Manga Adaptation by David Production
Ōzora Tsubasa has loved playing football (soccer, whatever) since he was a kid, even having his life saved by one. Now aged 11, he’s moved to the city of Nankatsu to attend elementary school, as well as further his football career.
Euri’s verdict: Parking the bus
David Production picking up the license to Captain Tsubasa was a real out-of-the-blue move, and while many fans have found themselves upset that it wasn’t an announcement for JoJo‘s Vento Aureo, it can’t be argued that it’s a safe and likely very profitable series for them to animate. This is a series that was massive in the early 80s, and not just in Japan either; it found great success in Latin America and Spanish speaking countries in particular. This is a show so popular that famous footballers like Lionel Messi, Alexis Sánchez and Andrés Iniesta have cited it as part of why they ended up becoming professional footballers. If you’re not super familiar with these guys, you may have spotted the first guy on one of many FIFA game covers. Personally, my first encounter with this show was in Spain while I was on holiday in the early 00s, where I knew it as Oliver y Benji.
On top of that, it also seems like a good time for a football anime. Inazuma Eleven isn’t as popular as it once was, and the only other football shows we get are one-offs like Giant Killing or Days. Throw in an incredible amount of nostalgia and you’d think it’d be plain sailing from here. Viz Media has picked up the rights for the series, but there seems to be no word of a potential simulcast. Part of me thinks that there’s a larger opportunity putting a dubbed version of this show on children’s TV where possible, but if that’s the plan, we certainly don’t know about it.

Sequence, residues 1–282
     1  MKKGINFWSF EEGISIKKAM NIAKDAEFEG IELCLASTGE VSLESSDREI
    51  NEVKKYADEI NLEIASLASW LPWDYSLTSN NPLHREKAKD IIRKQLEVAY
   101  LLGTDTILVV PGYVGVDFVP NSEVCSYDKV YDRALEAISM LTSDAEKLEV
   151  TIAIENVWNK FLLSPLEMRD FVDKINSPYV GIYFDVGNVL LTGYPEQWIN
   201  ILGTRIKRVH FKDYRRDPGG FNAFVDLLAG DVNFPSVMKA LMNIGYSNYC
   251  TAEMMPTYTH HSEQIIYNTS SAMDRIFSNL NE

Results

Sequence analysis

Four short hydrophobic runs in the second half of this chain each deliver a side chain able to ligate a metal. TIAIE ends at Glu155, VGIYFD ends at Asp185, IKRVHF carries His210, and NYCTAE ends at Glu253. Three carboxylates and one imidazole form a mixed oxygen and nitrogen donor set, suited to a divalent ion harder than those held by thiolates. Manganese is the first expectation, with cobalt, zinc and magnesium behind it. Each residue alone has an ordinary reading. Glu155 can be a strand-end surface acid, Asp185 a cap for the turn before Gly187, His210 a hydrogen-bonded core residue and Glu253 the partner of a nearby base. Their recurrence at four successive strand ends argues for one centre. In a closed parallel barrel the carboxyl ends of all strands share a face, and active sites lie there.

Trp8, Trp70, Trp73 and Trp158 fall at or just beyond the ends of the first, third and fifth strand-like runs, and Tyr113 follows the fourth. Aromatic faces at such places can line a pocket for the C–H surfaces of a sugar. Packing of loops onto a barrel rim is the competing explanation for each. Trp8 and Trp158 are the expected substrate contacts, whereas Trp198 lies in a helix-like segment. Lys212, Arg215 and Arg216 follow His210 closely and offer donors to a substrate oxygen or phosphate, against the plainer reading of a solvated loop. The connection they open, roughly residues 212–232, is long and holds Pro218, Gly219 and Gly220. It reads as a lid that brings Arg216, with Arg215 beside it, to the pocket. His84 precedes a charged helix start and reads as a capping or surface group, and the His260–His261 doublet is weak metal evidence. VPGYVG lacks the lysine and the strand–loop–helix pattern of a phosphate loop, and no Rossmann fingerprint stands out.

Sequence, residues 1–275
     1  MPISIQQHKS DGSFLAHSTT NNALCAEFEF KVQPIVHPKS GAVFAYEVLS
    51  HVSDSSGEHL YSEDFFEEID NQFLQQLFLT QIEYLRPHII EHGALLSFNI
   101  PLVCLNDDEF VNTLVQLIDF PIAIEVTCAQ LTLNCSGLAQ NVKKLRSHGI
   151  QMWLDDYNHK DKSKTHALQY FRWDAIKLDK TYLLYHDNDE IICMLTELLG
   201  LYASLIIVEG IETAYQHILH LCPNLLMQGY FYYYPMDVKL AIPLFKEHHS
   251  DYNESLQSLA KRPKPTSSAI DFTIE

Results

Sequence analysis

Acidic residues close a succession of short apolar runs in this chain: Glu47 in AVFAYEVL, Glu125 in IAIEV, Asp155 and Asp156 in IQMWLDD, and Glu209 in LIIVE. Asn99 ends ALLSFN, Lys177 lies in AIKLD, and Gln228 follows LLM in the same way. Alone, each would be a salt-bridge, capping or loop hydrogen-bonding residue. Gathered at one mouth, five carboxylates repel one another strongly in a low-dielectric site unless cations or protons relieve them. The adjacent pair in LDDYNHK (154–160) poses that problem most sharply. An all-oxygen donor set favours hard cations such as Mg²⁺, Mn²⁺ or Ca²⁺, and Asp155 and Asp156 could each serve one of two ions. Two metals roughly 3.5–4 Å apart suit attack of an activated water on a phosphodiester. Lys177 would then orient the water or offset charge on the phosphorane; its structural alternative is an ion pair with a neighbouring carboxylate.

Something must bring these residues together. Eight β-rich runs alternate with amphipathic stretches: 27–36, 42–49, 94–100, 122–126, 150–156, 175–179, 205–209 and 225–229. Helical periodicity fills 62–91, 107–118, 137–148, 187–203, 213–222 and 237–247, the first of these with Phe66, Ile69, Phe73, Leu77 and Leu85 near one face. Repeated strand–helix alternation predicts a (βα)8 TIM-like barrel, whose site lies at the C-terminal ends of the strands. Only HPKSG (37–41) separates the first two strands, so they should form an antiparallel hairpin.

Fortunately, the show itself is really well done. If you’ve seen the original show then you’ll know exactly what to expect, as this one closely follows the pacing of the original anime series. We’re introduced to Tsubasa, a seemingly ordinary kid who is infatuated with the beautiful game, so much so that he actively dribbles a football around wherever he goes. He’s moved to Nankatsu because of the schools, many of which have strong football clubs, so that he can continue to pursue his dream of being a professional footballer. While exploring the city, we’re introduced to Wakabayashi, an incredibly gifted goalkeeper who’s so cool he wears a hat with a W on it. There’s also the ‘familiar looking’ drunkard, who will become much more important pretty soon.
The first episode is very particular in how it shows just how good Tsubasa is at football, as we only get to see some fancy footwork for the first half of the episode. When he does strike the ball, the show does a great job of emphasising just how skilled he is at doing so. In this version, this is when the animators start to show what four seasons of JoJo’s Bizarre Adventure does for you.
In the original show, the sound effects that accompany Tsubasa’s impressive football skills sound a lot like those from the original Mobile Suit Gundam. For the modern sound effects, you’d be forgiven for thinking they’ve been ripped right out of JoJo, and they’re even given animations to match. While it’s obvious that the show’s visual style has modernised, this is perhaps where it’s the most apparent. This new high def and digital version of Tsubasa looks fantastic, but it’s also exactly what you’d expect such a modernisation to look like. The audio and animation work done to emphasise Tsubasa’s football skills is where David Production are making this show their own, even if it’s just in a small way.